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HIGH NOON Living Fearlessly to Preserve Life, Love, and Human Dignity

In this ever-changing world there are timeless principles at work, sometimes beneath the surface, sometimes quite appare...

HIGH NOON

Living Fearlessly to Preserve Life, Love, and Human Dignity

In this ever-changing world there are timeless principles at work, sometimes beneath the surface, sometimes quite apparent.  There are also special creations, enduring pieces of art, that reflect these principles in a way that captures our imagination and turns our attention inward.  Flying back home to Canada from a yoga festival in Europe, I was recently reminded of one such piece of art in the form of the classic western film, High Noon.

The basic story line is that a town marshal in the American west retires his badge in order to marry a Quaker woman, whose religion forbids violence.  No sooner is he married however, then word arrives that an outlaw he had captured years before has been released from prison and is returning with his gang to take revenge.  Under these strained circumstances, the man feels compelled to take back his duties as marshal to defend both his future with his wife and the security of the town. 

The plot of the movie echoes the theme of one of Yogi Bhajan's earliest talks in America, given on Baisakhi Day 1969.  In it, Yogiji explains the saying Ahimsa Parmo Dharm (Nonviolence is the highest way of life.) in the context of Indian history, describing how, in the name of pacifism, India's great civilization allowed itself to be conquered by fierce warriors from the north and west.  People had forgotten the second part of the proverb, “When one's way of life is threatened, it is proper to fight to defend it.”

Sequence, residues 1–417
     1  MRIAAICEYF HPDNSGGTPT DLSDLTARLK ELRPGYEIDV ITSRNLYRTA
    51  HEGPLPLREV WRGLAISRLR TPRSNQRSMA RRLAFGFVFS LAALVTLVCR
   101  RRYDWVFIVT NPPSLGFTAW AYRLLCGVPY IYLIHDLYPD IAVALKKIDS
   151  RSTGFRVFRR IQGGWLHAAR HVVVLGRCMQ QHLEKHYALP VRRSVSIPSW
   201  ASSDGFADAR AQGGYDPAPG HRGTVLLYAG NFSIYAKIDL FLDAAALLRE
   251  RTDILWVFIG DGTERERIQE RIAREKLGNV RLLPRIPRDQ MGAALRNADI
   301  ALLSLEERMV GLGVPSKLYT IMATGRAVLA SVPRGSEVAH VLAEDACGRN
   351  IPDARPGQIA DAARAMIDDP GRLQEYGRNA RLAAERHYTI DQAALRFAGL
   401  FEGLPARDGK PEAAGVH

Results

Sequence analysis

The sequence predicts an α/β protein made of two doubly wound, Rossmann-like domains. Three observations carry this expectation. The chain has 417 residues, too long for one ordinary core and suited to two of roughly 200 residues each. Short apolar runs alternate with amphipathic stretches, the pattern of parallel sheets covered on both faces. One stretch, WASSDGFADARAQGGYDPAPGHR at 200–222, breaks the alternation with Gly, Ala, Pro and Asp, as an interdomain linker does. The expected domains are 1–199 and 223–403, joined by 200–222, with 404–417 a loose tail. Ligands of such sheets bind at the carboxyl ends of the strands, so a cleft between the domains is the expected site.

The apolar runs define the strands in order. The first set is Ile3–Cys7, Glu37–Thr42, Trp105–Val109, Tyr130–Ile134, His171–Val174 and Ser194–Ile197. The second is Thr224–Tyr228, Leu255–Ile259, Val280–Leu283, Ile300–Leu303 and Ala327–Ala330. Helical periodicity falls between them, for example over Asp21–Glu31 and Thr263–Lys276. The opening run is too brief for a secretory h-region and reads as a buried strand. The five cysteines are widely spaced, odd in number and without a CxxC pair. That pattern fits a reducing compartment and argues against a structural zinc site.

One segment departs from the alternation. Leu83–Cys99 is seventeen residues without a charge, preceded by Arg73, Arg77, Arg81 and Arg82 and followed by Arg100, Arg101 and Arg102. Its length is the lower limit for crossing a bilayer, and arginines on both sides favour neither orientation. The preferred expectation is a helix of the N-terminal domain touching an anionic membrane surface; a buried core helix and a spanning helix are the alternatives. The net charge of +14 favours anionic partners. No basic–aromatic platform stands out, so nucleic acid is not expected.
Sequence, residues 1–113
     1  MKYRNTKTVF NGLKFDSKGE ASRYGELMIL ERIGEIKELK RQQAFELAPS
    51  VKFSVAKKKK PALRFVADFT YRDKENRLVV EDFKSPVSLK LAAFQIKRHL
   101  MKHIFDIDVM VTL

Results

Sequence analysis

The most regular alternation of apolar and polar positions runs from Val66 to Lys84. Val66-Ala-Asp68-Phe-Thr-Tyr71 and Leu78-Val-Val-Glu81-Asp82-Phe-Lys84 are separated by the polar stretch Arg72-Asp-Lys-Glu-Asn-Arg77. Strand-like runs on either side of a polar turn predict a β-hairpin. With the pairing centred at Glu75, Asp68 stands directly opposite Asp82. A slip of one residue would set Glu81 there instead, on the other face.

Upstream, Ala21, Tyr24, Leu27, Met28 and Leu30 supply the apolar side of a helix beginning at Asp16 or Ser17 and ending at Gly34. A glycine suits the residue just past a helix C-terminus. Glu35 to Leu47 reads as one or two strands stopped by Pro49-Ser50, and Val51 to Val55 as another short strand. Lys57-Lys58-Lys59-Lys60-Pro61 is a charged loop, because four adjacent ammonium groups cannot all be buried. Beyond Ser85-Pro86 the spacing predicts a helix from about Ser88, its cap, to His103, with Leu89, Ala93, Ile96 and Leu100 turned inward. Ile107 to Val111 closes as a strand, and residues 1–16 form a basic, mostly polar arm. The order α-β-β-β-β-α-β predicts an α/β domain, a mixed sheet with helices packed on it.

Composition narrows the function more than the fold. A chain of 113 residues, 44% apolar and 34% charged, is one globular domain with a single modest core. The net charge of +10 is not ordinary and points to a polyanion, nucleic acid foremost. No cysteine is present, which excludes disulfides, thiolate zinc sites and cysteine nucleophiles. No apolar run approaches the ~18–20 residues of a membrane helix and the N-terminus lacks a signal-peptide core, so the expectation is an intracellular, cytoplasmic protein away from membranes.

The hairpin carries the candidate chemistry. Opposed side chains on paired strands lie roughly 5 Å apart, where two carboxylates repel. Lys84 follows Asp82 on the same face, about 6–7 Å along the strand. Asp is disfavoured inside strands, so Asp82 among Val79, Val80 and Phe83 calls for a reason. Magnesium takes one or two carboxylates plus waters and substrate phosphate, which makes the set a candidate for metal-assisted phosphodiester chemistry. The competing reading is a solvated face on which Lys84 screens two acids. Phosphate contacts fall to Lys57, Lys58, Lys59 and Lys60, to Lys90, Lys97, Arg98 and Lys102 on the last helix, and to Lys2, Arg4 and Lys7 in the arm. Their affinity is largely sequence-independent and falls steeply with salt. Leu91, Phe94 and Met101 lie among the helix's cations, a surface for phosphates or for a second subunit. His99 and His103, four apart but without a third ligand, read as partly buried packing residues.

As Yogiji relates it, the decline of Indian civilization was arrested by the mission of Guru Nanak, culminating in the rise of Guru Gobind Singh, dedicated to the defence of the good and the uprooting of tyrants, and by the founding of the Khalsa.  In his talk, Yogi Bhajan relates how the degradation of society affected the condition of India's women, who were captured by the thousands and sold for a pittance in the slave market of Ghazni, Afghanistan. 

The heartrending situation is described by Guru Nanak in the Babar Vani, as he witnessed the invasion of Babar.

            Those women whose hair was beautifully adorned

            Now have their heads shaved and their throats choked with dust...

            Some have lost their headdresses and veils running here and there to safety,

            Some have stabbed themselves; some, their spouses killed in battle, cannot sleep.

                                                                        Siri Guru Granth Sahib, Asa Mahala 1, Ang 417

In the early talk, Yogi Bhajan conveys the heart of Sikh teachings.  Sikh Dharma, after all, is not a path dedicated to personal salvation alone.   It is a meditative way of life dedicated to preserving the essential social conditions of harmony and justice that allow for individuals, families, and communities to flourish and prosper, even when doing so might put one at risk of dying. 

            Grant me, O God, this blessing: May I never refrain from righteous acts.

            May I fight without fear the foe in life's battle with full confidence in your victory.

                                                                        Sikh Anthem